1. Review the method `increment` and then review the documentation/specification for `decrement`.
2. Implement `decrement` and verify that your code compiles.

## Exercise 8

Consider the method `addRear`, which you have already implemented. As mentioned above, `addFront` will be similar.
1. How will `front` change when you add an item?
2. How will `back` change when you add an item?
3. Implement `addFront` based on your replies. (Don't forget to use `decrement`. Of course, by now you should be getting used to compiling your code frequently. So compile already!
4. Consider the following operations on an empty dequeue:
```dq.addFront(1)
dq.getRear()
```
This should work correctly and return 1. Consider carefully the status of `front`, and especially `back` in your code after the first operation.
5. Will your implementation function correctly? If you think so, it may be time to run the unit test suite. If both of these methods work correctly, you should pass test number 15.
6. Make sure you pass tests 15 and 16 before continuing.

## Exercise 9

Now it's time for the last piece of the puzzle!
1. Consider the `removeRear` method. It acts like the "reverse" of the `removeFront` method.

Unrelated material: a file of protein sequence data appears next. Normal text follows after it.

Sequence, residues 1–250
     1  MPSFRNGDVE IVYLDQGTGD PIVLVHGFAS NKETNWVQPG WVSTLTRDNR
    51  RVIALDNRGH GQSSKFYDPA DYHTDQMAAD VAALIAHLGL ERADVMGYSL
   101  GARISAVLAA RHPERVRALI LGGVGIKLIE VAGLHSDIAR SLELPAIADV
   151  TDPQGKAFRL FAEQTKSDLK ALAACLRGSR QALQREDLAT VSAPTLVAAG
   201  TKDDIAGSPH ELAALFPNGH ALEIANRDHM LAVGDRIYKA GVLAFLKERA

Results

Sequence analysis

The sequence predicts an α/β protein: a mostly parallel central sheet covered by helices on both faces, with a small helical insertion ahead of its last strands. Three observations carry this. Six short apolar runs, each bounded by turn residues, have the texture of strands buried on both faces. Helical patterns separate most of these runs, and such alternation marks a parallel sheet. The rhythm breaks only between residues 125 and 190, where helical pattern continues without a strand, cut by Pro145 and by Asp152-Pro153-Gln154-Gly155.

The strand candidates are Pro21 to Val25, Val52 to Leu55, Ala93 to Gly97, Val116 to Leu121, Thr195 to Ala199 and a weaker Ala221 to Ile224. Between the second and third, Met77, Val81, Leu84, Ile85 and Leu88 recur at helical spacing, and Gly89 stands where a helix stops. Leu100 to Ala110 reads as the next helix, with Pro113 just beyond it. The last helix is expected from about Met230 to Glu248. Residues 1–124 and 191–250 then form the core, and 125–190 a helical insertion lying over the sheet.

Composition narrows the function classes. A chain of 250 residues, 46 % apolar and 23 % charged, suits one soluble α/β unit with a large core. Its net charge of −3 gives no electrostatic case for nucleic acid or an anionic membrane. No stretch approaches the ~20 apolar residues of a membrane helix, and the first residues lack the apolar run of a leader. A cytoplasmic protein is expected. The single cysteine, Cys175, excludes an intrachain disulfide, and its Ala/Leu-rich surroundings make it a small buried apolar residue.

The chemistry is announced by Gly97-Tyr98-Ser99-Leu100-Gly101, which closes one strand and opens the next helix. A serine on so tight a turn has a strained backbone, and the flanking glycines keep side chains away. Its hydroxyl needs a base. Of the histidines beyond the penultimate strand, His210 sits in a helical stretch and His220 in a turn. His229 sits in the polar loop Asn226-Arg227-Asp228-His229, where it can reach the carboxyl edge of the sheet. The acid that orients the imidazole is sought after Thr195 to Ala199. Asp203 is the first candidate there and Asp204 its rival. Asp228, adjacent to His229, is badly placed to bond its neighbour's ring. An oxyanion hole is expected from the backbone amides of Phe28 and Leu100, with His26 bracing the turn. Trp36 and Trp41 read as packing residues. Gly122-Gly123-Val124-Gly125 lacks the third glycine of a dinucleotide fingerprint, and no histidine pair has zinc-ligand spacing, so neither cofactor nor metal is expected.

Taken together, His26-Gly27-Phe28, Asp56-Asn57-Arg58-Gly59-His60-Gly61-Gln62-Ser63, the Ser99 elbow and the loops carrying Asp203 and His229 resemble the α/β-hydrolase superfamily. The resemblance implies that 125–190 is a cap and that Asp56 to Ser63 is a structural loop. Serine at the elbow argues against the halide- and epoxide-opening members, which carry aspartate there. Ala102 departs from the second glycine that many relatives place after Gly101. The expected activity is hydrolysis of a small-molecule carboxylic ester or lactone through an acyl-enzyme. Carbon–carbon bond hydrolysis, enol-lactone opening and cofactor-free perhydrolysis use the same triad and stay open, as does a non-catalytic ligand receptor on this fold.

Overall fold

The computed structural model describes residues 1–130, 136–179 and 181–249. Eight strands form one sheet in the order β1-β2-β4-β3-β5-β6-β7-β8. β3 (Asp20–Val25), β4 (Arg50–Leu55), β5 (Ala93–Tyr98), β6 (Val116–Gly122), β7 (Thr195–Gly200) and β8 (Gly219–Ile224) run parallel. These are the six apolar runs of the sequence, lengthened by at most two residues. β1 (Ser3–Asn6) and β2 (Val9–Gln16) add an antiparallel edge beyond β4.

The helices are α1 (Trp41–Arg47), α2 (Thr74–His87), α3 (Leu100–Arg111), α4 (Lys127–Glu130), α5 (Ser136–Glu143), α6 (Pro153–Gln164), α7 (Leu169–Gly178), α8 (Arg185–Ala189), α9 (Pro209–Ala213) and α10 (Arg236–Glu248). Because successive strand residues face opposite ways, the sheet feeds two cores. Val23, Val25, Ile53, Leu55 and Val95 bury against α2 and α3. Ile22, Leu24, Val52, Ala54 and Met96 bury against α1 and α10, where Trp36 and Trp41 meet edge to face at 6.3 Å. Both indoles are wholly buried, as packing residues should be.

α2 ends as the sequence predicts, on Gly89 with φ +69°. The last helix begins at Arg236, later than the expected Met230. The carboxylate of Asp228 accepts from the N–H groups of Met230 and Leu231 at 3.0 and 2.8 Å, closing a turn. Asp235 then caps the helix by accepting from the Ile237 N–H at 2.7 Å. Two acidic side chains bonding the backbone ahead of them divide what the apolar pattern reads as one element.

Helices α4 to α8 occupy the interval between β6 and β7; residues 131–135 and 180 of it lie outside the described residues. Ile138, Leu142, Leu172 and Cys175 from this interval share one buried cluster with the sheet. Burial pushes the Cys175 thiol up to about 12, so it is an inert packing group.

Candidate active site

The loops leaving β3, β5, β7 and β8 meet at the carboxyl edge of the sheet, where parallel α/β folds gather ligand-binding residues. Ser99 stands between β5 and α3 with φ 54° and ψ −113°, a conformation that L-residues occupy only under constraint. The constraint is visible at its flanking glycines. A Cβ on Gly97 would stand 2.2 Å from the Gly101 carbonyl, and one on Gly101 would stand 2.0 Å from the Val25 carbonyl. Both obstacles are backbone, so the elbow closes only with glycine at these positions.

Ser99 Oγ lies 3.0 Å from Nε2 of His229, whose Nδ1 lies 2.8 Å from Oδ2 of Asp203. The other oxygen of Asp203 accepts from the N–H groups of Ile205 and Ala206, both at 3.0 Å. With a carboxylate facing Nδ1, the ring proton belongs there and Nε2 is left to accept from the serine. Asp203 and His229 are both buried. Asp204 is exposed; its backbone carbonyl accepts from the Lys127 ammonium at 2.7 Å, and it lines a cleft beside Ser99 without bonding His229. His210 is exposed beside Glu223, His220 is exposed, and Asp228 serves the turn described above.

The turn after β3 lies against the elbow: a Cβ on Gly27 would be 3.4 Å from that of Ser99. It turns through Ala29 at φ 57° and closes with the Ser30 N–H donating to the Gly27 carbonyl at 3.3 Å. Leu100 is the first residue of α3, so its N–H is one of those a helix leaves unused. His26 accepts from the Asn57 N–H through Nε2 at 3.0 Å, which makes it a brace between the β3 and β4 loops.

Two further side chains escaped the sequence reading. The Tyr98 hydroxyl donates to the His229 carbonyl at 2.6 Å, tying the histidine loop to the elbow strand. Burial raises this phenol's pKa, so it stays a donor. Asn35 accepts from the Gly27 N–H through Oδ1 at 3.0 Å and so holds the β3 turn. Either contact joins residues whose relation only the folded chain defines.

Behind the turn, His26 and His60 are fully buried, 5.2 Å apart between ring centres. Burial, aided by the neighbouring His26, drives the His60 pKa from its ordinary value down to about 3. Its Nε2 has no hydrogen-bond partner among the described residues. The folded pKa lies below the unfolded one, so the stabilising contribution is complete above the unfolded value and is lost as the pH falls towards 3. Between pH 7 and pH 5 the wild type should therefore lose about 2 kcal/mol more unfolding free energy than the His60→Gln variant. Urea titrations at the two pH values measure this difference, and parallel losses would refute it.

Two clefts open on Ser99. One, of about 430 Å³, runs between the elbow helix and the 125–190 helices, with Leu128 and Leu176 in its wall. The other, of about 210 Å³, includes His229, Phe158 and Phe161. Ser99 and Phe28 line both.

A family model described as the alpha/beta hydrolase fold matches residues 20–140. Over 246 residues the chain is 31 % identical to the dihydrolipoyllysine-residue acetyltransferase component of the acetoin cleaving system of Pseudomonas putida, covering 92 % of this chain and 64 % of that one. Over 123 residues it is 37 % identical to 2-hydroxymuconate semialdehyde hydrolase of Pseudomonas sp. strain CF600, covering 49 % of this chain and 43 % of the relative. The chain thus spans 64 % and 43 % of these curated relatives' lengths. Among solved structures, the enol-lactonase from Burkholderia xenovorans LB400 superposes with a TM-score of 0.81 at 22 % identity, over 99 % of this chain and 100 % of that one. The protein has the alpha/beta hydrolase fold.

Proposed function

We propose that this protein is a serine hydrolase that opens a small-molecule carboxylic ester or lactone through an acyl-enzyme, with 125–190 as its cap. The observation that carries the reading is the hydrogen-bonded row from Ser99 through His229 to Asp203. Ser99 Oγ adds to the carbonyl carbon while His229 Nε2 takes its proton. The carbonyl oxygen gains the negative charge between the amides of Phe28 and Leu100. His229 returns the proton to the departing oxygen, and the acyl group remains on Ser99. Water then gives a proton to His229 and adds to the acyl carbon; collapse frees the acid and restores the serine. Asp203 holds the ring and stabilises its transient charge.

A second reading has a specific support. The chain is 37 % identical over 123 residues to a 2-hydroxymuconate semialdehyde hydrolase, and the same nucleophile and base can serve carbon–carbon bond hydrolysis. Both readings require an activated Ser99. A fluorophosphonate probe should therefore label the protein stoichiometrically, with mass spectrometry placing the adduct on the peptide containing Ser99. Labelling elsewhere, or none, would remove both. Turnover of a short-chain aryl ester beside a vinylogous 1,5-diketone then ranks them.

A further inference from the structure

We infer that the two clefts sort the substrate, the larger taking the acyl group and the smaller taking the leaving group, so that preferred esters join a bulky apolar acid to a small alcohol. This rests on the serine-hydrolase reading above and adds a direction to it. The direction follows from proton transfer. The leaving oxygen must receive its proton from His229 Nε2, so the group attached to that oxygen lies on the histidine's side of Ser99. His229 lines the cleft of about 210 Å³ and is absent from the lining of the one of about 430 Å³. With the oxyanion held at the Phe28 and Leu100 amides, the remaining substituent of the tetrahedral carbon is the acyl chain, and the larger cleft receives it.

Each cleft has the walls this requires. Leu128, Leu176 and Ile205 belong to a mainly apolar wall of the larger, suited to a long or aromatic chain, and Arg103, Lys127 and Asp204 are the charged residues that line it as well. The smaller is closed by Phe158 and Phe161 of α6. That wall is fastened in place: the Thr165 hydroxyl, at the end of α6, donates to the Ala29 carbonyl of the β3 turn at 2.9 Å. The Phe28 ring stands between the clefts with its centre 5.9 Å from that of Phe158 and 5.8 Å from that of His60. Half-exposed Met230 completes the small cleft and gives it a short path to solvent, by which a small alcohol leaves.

2. How will the size change?
3. How will `front` change?
4. How will `back` change?
5. Implement `removeRear` based on your replies above.
6. Compile and test your code. You should now fix any outstanding test failures. This may require you to study the test cases more carefully.

# For those with Extra Time

1. Copy the class `weiss.nonstandard.ListNode` to your current directory and remove the package specification.
2. Use the `ListNode` class to implement your own list-backed version of `Dequeue` called `ListDequeue`.
3. Copy `TestDequeue.java` to `TestListDequeue.java` and change all the references to `Dequeue` objects to `ListDequeue` objects.
4. Test your implementation of `ListDequeue` and fix any bugs.

# Notes on the Exercises

## Note on Exercise 1

When you add these things to the dequeue, the contents are (front at the left and rear at the right, without wraparound) [6 7 3 5]. Therefore, when you remove the items as shown, the results are 5 3 6 7.
Created: 18 March 2009
Modified: 14 April 2010
Modified: 18 January 2011